TORONTO — He’s already proven his prowess as a musician, producer and fashion designer, but Pharrell Williams says his first foray in condominium development continues to be a “crash course” in creativity on a high-rise scale.
When he teamed up with property developers about a year ago, Williams said he was unsure how much input he would have in designing the dual-tower project in midtown Toronto.
But the “Happy” hitmaker said his partners encouraged him to take an active role in making the condo complex — dubbed “untitled” — into the kind of place he would want to live.
“That kind of changed things for me, because then we really went under the hood and did a lot of work,” Williams told The Canadian Press by phone. “I’m really proud to say that we arrived at that point.”
Reserve Properties and Westdale Properties unveiled new details Wednesday that they say show how Williams’ music and aesthetic sensibilities have shaped the project.
The development consists of 751 condo units between two joined towers near the intersection of Yonge Street and Eglinton Avenue. Sales are set to begin in early 2020, and prices will start at the low end of the $400,000 range, according to developers.
Williams worked with lead architect Mansoor Kazerouni of IBI Group to model the buildings’ curved balconies after the sound-wave pattern of his song “Gust of Wind.”
“(We were) trying to find a poetic way to communicate this wave formation vertically in the construction,” Williams said. “It made for something beautiful.”
As an Aries, the 46-year-old Williams said he’s prone to holding onto items for too long, and has eclectic tastes that don’t always jive well together.
To counter this propensity for excess, Williams said his artistic impulse is to strip things down to their bare essentials.
While he’s previously helped design clothing, accessories and furniture, Williams said applying his minimalist style to architecture marked a new creative challenge.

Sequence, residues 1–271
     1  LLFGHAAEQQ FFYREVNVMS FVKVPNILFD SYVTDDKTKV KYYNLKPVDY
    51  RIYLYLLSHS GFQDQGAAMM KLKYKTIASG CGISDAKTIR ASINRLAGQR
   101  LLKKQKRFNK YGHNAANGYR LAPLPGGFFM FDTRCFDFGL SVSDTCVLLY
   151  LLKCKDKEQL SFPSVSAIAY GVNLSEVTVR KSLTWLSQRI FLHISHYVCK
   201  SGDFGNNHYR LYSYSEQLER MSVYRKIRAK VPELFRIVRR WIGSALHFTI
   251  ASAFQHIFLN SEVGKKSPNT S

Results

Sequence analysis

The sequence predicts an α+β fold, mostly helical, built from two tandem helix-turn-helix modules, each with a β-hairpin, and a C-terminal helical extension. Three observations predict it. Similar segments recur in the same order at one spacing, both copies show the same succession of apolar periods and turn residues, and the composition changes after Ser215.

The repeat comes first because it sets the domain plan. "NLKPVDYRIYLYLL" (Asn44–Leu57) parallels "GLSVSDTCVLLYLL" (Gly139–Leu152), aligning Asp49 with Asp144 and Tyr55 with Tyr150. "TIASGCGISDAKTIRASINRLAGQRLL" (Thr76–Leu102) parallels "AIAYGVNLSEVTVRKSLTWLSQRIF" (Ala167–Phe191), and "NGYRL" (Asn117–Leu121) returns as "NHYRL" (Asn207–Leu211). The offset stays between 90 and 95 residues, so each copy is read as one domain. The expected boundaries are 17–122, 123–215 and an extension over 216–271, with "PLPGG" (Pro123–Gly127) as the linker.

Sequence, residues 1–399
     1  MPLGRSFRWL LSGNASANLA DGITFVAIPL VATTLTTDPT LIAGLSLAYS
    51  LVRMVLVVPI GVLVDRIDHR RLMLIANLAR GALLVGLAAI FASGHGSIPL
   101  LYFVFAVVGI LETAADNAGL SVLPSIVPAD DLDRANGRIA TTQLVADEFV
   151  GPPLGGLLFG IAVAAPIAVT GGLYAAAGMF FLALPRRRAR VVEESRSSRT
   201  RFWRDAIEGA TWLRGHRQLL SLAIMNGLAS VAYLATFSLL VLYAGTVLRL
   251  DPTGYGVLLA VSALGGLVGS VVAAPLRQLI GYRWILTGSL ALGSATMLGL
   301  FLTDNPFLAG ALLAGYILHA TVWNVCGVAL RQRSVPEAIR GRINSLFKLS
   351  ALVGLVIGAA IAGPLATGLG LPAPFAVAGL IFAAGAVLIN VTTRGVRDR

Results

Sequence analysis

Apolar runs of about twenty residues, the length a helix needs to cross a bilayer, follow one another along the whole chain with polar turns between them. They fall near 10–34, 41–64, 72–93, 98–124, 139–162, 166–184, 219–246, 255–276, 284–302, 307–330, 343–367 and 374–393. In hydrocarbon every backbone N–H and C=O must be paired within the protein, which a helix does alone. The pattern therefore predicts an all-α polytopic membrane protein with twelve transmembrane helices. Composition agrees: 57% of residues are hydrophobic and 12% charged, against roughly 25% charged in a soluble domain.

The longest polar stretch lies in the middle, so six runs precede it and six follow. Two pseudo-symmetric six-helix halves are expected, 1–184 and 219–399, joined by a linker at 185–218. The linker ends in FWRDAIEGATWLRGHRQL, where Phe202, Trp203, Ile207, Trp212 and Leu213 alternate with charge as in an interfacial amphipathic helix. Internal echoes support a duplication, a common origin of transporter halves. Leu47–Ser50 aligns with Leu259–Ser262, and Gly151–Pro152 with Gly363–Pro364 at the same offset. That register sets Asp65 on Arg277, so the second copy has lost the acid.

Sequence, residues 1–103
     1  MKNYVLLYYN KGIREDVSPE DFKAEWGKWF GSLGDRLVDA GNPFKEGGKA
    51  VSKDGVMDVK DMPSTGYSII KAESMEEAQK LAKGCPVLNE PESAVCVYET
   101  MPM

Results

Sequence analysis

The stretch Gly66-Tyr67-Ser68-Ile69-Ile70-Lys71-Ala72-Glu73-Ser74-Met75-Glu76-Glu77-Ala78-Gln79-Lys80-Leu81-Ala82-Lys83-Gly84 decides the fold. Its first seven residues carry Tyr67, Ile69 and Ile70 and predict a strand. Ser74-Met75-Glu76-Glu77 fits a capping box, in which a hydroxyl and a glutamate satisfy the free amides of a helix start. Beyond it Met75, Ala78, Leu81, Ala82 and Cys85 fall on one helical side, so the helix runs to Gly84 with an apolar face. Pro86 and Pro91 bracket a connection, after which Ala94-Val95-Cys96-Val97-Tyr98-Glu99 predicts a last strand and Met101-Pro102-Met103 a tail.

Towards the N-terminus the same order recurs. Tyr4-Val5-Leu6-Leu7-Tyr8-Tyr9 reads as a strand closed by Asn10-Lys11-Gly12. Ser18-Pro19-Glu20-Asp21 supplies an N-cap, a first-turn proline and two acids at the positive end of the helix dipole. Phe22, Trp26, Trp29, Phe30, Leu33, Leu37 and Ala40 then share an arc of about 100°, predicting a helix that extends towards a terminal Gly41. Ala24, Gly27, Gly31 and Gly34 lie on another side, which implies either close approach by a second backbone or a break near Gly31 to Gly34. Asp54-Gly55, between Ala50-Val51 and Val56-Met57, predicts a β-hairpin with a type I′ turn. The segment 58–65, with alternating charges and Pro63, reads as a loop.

“I would say that this continues to be a crash course … It’s (learning) a complete different language,” he said.
“I just realized it was another way to express myself and to contribute to something that is a completely new and foreign discipline to me.
“I like buildings and I like construction, but never did I ever dream that I’d get the opportunity to weigh in and be a part of it.”
Given his busy schedule, Williams said he couldn’t ballpark how many hours he’s put into the project.
But the chief operating officer of Reserve Properties said the Grammy Award-winning artist has been intimately involved throughout the development process, weighing in on design details as well as the big-picture vision.
“A really key overarching message was you didn’t want to dictate or direct how people should feel,” said Shane Fenton, who was on the conference call with Williams on Tuesday.
“We should create these universal spaces that allowed the users to really embrace their own unique experience within it.”
There’s a luxe menu of amenities for “users” to choose from, including a “wellness centre” with a spa and indoor-outdoor swimming pool, a co-working garden lounge, a screening room and private dining with a sake tasting area.
Williams is the latest celebrity to lend his name to a Toronto condo development. Late fashion giant Karl Lagerfeld partnered with Freed Developments and Capital Developments to launch Art Shoppe Lofts + Condos in the same midtown neighbourhood. And actor Robert De Niro boosted the two-tower Nobu Residences, a downtown condo development bound for the city’s entertainment district.
These star-powered projects have drawn some criticism from locals who are feeling the pinch of Toronto’s sky-high housing prices.
Fenton said developers assured Williams that the project would provide housing options for an array of income brackets, including the construction of a separate 413-unit rental building adjacent to “untitled.”
A spokesman said work is underway on the rental building, and while Williams is not “actively involved” in the design, “certain themes will carry over.”
Williams said he was drawn to Toronto because of the “beautiful people” who live there, and he wants the project to cater to a broad swath of the city’s residents.
“I’m interested in the goodwill that we can do,” he said. “I’m looking at the whole spectrum. And I feel like this particular project is my first dance in this space, but I would like to get to all of it.”
This report by The Canadian Press was first published Dec. 4, 2019.
Adina Bresge, The Canadian Press
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